Safety Hysteria Wussifies NFL

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Somebody throw something on Vince Lombardi to keep him from spinning in his grave.

The cancellation of the December 26th NFL game between the Philadelphia Eagles and Minnesota Vikings is stirring up all kinds of name-calling, with most criticisms employing the word “wuss” or “wussification.” The game was cancelled due to ……. a few inches of snow. Pennsylvania Governor, Ed Rendell, who was furious over the action, states,

I mean, we canceled the game and there’s less than three inches of snow in Montgomery County, where a lot of our fans come from. There’s less than two inches in Wilmington, where a lot of our fans come from.

The news release from the NFL started off, &#147Due to public safety concerns in light of today’s snow emergency in Philadelphia, tonight’s Vikings-Eagles game has been postponed.”

I certainly agree with all of those folks who condemn the hysteria and safety nazi frenzy that dominates American culture nowadays, and made its mark upon what is supposed to be a very masculine sport with a history that is brimming with ice bowls, blizzard fests, blood baths, and even Minnesota Vikings coach Bud Grant, who denied his players the use of hand warmers and heaters.

Remember the news release: public safety concerns. Many of us have long recognized the safety nazism-wussification-hystericalism that dominates American culture, and not just concerning a sports event. It permeates every aspect of American life, including incessant bathroom hand washing lecturing; hand sanitizer hysteria; weather safety warnings if it’s too hot, cold, humid, sunny, or otherwise; the “don’t ever leave your child unguarded by a Marine battalion” mentality, etc., etc.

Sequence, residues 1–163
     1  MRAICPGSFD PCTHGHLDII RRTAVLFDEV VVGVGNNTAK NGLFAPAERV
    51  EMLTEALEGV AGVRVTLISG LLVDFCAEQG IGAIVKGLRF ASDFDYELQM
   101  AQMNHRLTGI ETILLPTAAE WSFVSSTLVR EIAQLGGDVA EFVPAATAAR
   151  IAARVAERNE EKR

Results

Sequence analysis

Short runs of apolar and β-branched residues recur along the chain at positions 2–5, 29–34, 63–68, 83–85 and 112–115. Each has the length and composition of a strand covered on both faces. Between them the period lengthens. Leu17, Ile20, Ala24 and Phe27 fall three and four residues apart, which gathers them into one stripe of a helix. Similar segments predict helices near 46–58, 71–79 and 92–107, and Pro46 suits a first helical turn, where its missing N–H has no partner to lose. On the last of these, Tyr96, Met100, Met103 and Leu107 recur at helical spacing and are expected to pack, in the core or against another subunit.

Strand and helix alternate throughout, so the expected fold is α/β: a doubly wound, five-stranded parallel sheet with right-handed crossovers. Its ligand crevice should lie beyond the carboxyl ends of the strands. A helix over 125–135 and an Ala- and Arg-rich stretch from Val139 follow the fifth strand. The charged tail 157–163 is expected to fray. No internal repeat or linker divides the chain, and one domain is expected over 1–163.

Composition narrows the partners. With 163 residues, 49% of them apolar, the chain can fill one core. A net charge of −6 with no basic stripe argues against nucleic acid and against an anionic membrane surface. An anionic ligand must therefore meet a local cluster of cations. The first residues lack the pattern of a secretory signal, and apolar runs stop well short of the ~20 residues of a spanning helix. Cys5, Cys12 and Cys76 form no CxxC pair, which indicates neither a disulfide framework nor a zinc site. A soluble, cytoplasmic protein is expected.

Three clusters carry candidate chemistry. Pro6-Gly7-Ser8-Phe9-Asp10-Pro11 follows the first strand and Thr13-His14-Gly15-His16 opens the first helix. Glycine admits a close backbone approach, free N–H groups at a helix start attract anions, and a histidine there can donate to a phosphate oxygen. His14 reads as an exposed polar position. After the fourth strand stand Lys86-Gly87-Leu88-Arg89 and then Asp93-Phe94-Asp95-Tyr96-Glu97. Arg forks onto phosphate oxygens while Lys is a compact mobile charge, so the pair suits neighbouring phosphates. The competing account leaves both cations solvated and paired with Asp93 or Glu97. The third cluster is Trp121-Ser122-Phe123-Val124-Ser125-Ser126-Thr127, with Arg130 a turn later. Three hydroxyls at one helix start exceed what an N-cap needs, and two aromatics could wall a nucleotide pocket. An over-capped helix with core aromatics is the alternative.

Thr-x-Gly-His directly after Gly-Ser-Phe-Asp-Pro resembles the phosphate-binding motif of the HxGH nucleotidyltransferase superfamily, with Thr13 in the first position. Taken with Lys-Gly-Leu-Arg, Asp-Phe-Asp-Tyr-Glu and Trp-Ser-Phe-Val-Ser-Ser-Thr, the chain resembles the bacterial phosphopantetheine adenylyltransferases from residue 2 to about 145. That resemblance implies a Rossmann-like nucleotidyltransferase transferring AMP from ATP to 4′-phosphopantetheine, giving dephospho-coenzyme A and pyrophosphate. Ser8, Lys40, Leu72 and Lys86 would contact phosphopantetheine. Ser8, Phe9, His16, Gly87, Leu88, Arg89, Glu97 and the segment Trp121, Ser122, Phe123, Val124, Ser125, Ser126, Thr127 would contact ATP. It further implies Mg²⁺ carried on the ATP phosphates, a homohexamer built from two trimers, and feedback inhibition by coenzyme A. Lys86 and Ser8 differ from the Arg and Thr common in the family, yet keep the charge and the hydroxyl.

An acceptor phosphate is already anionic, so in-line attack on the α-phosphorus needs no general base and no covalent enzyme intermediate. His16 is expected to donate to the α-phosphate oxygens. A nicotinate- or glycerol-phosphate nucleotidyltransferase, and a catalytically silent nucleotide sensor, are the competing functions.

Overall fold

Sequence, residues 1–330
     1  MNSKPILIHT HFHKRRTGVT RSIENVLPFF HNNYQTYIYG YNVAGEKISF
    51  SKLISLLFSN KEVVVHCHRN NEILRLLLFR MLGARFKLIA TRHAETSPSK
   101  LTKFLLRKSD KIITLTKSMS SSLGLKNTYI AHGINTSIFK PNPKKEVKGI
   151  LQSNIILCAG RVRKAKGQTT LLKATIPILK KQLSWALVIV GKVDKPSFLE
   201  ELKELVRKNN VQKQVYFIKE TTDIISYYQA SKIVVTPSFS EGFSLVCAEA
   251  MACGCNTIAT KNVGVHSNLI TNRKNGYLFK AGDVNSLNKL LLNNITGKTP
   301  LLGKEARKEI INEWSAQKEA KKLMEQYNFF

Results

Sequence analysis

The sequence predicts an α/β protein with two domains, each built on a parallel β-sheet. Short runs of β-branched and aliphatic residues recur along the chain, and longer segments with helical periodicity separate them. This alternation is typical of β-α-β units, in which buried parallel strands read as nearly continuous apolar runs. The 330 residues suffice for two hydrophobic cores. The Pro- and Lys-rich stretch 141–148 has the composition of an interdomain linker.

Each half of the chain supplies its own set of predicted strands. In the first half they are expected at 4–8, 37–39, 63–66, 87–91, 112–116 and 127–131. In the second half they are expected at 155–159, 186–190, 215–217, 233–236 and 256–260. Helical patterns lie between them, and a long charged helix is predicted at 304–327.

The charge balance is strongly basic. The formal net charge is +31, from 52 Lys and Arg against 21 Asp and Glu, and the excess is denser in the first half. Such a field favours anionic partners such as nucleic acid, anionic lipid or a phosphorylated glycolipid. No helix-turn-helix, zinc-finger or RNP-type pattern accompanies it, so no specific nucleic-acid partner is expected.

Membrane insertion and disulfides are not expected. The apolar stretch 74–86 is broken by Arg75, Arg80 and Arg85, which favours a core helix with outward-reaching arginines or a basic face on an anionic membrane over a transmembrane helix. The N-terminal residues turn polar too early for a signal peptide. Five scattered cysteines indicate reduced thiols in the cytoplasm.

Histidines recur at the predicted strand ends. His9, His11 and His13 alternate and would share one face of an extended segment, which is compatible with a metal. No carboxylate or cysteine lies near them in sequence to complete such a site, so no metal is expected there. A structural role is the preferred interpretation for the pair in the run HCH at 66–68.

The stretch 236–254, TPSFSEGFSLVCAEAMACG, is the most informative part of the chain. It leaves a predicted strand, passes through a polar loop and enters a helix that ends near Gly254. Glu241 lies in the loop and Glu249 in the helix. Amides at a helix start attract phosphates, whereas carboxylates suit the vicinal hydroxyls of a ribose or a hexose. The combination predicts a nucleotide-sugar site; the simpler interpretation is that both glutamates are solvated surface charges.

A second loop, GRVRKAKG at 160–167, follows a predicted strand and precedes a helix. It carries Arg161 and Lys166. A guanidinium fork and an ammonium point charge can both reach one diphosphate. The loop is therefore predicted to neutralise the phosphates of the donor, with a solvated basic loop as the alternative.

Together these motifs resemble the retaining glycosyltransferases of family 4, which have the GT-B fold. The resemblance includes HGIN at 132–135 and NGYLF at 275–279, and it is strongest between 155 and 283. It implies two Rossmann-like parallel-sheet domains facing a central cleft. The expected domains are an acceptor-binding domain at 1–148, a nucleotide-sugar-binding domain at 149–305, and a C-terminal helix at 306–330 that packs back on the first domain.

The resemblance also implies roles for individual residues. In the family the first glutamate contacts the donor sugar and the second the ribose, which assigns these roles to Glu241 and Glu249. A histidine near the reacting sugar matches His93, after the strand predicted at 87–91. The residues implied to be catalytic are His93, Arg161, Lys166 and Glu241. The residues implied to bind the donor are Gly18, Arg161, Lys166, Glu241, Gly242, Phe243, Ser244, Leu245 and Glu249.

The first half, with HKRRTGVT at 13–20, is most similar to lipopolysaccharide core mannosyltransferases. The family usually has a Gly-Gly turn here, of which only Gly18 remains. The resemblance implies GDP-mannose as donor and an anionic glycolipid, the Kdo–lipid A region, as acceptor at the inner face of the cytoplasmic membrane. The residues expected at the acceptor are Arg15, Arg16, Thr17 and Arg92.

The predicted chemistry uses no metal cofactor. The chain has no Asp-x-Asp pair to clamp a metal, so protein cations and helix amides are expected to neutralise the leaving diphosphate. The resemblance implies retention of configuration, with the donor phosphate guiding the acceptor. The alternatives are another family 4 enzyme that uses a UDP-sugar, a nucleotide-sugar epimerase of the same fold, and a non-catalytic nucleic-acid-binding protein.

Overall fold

Just a few weeks ago, when snow collapsed the roof of the Metrodome in Minnesota, the Vikings-Giants game was moved to Ford Field in Detroit on a Monday night. Well, our weather here was not a whole lot better than in Minnesota, except we had a lot less snow. I work just a couple of blocks from Ford Field, and as I left the office that afternoon, I had noticed a ton of errant vehicles going the wrong way, making u-turns, looking lost, etc. I thought, “what the heck is going on today …….”, until I looked closer and realized they all had Minnesota plates. So they drove the 600+ miles from Minnesota to Michigan through raging snow along the entire route, proving the diehard (perhaps even bizarre) fandom in professional sports. But people in Philadelphia, with a mass transit system, had to be protected from the potential harm of traveling a few miles to a sports stadium, in a snowstorm that might have been (but wasn’t), in a call that was surely prompted by Philadelphia government bureaucrats.

10:03 pm on January 4, 2011